- Québec, 2016
Jessica Parent is a member of Lavery’s Labour and Employment group.
As part of her practice, she is called upon to deal with a wide variety of issues, including hiring and employment termination, labour standards, human rights and freedoms, collective agreement decrees, disciplinary measures and the interpretation and application of employment contracts and collective agreements.
Jessica is regularly involved in complex files dealing with the purchase and sale of businesses, whether it be at the due diligence stage or to provide strategic advice in connection with the integration of employees. She has also developed a particular expertise with respect to regulatory requirements for personnel placement agencies and temporary foreign worker recruitment agencies.
Before joining Lavery, Jessica worked as a labour relations consultant in the hospital sector, where she gained practical experience in collective labour relations and workplace investigations. During her university studies, she worked in the legal affairs department of the Commission des normes, de l'équité, de la santé et de la sécurité du travail.
Jessica appears on the Dean’s list of the Faculty of Law of the Université de Sherbrooke and has been awarded the Prix des Éditions Yvon Blais in legal writing.
- Jessica Parent and Étienne C. Laplante, " Important Changes to the CEWS announced: will you now be eligible, and what should you consider? ", july 2020
- Zeïneb Mellouli, Véronique Morin, Richard Gaudreault and Jessica Parent, " COVID-19 - Flexibility in the Federal Work-Sharing Program: A Solution for Retaining Your Human Capital? ", march 2020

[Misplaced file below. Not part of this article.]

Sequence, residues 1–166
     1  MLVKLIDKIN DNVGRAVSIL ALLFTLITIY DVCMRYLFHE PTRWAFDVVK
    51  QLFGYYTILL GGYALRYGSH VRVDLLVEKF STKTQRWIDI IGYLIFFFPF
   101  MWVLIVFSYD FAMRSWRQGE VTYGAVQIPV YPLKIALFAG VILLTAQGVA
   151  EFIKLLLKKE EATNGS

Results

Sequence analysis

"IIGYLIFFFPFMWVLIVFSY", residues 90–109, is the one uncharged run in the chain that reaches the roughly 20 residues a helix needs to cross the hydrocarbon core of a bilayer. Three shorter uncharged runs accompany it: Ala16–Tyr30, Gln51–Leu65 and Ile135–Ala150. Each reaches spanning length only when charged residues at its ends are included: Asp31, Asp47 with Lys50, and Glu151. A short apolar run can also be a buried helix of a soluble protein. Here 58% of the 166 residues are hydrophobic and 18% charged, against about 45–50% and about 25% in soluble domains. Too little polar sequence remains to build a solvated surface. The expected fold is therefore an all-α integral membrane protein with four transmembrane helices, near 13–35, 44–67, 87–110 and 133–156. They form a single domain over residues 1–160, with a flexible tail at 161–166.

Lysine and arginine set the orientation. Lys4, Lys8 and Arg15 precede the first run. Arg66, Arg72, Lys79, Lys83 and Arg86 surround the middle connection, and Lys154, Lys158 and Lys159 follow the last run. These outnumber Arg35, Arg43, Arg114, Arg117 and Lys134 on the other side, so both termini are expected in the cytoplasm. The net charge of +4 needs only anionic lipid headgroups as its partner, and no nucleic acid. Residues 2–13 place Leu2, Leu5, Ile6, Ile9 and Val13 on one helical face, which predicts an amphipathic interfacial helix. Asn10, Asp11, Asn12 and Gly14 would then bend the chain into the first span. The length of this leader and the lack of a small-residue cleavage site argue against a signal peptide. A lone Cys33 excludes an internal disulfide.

- Jessica Parent and Loriane Richard, “Dividing up of certified bargaining units – The Québec Court of Appeal calls into question the automatic application of traditional criteria,” Droit de savoir, June 2017
- Myriam Lavallée and Jessica Parent, “Hiring an employee versus a self-employed worker: advantages, disadvantages and pitfalls to avoid,” article published on the Lavery Go inc. website for start-up businesses, May 2017
- Myriam Lavallée and Jessica Parent, “First-aid course required by the ministère de la Famille: is the employer required to pay for the training time?”, article published in a legal information bulletin for childcare centre managers, January 2017
- Ones to Watch, The Best Lawyers in Canada in the field of Labour and Employment Law, 2024
- LL.B, Université de Sherbrooke, 2015
- Short program in labour relations, Université du Québec à Trois-Rivières, 2016
- Certificate in Translation, University of Toronto, 2020
Boards and Professional Affiliations
- Jeune dirigeante de la relève (young future leader), Caisse Desjardins Laviolette, 2018
- Member of the board of directors of Ménagez-vous, a domestic help social economy business, 2017-2018
- Ordre des conseillers en ressources humaines agréés du Québec